Prevalence and diversity of ascarid and strongylid nematodes in Australian Thoroughbred horses using next-generation sequencing and bioinformatic tools

Ghazanfar Abbas, Abdul Ghafar, Jenni Bauquier, Anne Beasley, Elysia Ling, Charles G. Gauci, Charles El-Hage, Edwina J.A. Wilkes, Emma McConnell, Peter Carrigan, Lucy Cudmore, John Hurley, Ian Beveridge, Martin K. Nielsen, Mark A. Stevenson, Caroline Jacobson, Kristopher J. Hughes, Abdul Jabbar

Research output: Contribution to journalArticlepeer-review

7 Scopus citations

Abstract

The study presents the results of a cross-sectional survey to describe the epidemiology of ascarid and strongylid nematodes in horses, the impact of diverse climatic conditions on parasite diversity and the levels of faecal egg shedding in different age groups of managed Thoroughbred horses. Individual faecal samples (n = 1377) collected from 62 Thoroughbred farms across four climatic zones in Australia were analysed using the modified McMaster technique for faecal egg counts (FECs) and strongylid nematodes were identified utilising PCR-directed next-generation sequencing (NGS) of the second internal transcribed spacer of the nuclear ribosomal DNA (ITS-2). Across all age groups, the prevalence of ascarid and strongylid nematodes was 12% (95% confidence interval 10–14%) and 72% (70–74%), respectively. Based on strongylid FECs, yearlings had the highest prevalence (89%) followed by weanlings (83%), foals (79%), wet mares (61%), dry mares (59%) and stallions (54%). However, for Parascaris spp., foals had the highest prevalence (46%) followed by weanlings (32%) and yearlings (13%). The highest mean FECs for Parascaris spp. were observed in foals (418 eggs per gram [EPG] of faeces) while those for strongylids were in yearlings (1002 EPG). Of the adult horses (mares and stallions), 67% (489 of 729) and 11% (77 of 729) were low (i.e., ≤250 EPG) and moderate (i.e., 251–500 EPG) strongylid egg-shedders, respectively. Strongylid egg shedding varied across climatic zones, with the highest mean FECs in the summer rainfall (723 EPG) followed by non-seasonal rainfall (629 EPG), winter rainfall (613 EPG), and Mediterranean (606 EPG) rainfall zones. Twenty-three nematode species were detected using NGS, with Cylicostephanus longibursatus (28%), Cylicocyclus nassatus (23%) and Coronocyclus coronatus (23%), being the most abundant species. Three species of Strongylus (i.e., S. vulgaris, S. equinus and S. edentatus) were also detected. The nemabiome composition, species richness and relative abundance varied within horse age and between climatic zones. These empirical findings provide a comprehensive understanding of the prevalence of parasites within horse populations and the multifaceted factors that influence their occurrence, thereby allowing for the formulation of tailored strategies aimed at parasite control in domestic horses.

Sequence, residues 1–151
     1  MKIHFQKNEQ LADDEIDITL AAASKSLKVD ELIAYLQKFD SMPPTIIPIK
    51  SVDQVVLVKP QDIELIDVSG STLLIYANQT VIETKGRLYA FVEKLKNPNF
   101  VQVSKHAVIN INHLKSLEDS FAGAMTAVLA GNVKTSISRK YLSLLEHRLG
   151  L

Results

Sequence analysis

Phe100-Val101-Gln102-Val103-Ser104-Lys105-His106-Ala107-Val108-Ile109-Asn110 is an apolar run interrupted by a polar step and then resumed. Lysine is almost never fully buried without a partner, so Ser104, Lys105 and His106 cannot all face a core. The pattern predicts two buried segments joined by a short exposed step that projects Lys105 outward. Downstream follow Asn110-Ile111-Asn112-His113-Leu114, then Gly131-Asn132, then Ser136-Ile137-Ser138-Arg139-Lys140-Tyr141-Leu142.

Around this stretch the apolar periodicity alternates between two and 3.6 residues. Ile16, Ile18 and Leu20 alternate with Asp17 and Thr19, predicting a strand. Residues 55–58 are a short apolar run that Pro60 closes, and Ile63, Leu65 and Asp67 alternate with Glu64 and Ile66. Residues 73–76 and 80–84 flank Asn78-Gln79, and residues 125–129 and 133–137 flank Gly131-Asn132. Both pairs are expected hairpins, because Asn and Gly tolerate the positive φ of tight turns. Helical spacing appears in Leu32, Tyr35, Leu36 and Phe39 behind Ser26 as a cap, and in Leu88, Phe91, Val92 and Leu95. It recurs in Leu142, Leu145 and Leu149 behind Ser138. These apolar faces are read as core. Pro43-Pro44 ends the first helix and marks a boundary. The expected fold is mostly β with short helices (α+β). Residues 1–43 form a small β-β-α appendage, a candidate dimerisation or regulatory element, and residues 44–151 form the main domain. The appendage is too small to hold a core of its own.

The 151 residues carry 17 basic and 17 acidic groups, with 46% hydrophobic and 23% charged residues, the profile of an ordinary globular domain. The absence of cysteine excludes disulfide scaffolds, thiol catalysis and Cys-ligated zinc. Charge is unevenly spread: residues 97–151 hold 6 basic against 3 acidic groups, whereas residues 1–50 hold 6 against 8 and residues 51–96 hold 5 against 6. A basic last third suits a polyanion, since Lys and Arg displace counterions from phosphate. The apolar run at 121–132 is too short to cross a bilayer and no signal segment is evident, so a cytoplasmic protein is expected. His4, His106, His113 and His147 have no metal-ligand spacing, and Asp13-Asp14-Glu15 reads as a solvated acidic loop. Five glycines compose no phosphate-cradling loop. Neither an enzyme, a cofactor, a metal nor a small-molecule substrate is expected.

Original languageEnglish
Article number110048
JournalVeterinary Parasitology
Volume323
DOIs
StatePublished - Nov 2023

Bibliographical note

Publisher Copyright:
© 2023 The Authors

Keywords

  • Australia
  • Climatic zones
  • Cyathostomins
  • Faecal egg counts
  • Intestinal nematodes
  • Nemabiome
  • Next-generation sequencing
  • Parascaris spp.
  • Strongylus spp.

ASJC Scopus subject areas

  • Parasitology
  • General Veterinary

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